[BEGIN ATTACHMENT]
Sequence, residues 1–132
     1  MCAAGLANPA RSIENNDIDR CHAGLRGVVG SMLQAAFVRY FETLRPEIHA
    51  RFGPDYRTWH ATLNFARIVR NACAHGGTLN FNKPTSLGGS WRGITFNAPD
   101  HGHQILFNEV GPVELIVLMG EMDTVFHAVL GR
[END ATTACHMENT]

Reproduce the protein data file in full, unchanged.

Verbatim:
Sequence, residues 1–132
     1  MCAAGLANPA RSIENNDIDR CHAGLRGVVG SMLQAAFVRY FETLRPEIHA
    51  RFGPDYRTWH ATLNFARIVR NACAHGGTLN FNKPTSLGGS WRGITFNAPD
   101  HGHQILFNEV GPVELIVLMG EMDTVFHAVL GR